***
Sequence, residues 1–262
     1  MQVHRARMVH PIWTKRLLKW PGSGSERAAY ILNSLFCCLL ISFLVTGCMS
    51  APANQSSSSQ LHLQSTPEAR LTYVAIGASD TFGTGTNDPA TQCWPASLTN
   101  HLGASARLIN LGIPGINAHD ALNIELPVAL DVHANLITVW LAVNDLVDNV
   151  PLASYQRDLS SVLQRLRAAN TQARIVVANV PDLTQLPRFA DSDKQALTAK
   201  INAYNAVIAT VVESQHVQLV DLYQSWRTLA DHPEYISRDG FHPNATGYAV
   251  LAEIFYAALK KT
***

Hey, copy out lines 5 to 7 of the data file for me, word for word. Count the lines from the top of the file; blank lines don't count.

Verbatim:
   151  PLASYQRDLS SVLQRLRAAN TQARIVVANV PDLTQLPRFA DSDKQALTAK
   201  INAYNAVIAT VVESQHVQLV DLYQSWRTLA DHPEYISRDG FHPNATGYAV
   251  LAEIFYAALK KT